Zhang Daqian Chinese

Not on view

This delightful scroll is one of several paintings that Zhang Daqian painted for Lin Yutang in the summer of 1965. It features a group of mushrooms depicted in profile or from below. Zhang's humble vantage point elevates this mundane subject to something worthy of
aesthetic appreciation. The sharp blades of grass around the mushrooms indicate that they are growing in the wild. Zhang Daqian's "ink play" not only engages the viewer with its spontaneity, but also reveals something very personal. Zhang was a most discriminating
connoisseur of Chinese cuisine and a chef of the first rank. One of the ingredients that he valued most was mushrooms, as confirmed by his inscription, where he shows off his knowledge of their regional variety:

In Nanzhao [Yunnan province] there are jizong [mushrooms]; in the north there are koumo. Those from my homeland are so rich in flavor. Lately my hunger for them is insatiable, but what can I do except build my dreams with songrong [matsutake mushrooms]? The jizong from southern Yunnan and [koumo] from Zhangjiakou [in Hebei province] are two of the best ingredients for cooking. Others, such as the sanpa of Sichuan, the majun of Hunan, the lanhua of West River [in Guangdong and Guangxi provinces], and the songhua of Gaolan [Lanzhou, Gansu province], are also top choices. None of them can be acquired now. Only the songrong mushrooms from Japan can barely match them. In the summer of the yisi year [1965], Yuan.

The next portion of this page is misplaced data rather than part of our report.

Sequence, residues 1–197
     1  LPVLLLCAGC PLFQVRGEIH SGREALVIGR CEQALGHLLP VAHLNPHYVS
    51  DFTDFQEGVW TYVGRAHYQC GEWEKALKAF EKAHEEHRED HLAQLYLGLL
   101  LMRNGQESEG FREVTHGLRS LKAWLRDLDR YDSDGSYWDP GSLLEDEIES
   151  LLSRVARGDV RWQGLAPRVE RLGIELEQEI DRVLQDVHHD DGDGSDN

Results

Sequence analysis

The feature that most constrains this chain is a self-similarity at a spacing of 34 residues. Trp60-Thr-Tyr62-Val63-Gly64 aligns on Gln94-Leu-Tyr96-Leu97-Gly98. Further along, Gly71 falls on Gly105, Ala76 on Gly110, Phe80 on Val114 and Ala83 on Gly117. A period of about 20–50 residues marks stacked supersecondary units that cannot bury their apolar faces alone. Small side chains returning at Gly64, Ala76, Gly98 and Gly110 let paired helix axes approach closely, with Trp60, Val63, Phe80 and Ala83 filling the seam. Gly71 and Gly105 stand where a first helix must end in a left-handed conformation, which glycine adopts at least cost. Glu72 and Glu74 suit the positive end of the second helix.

(trans. by Shi-yee Liu)

Mushrooms, Zhang Daqian (Chinese, 1899–1983), Hanging scroll; ink and color on paper, China

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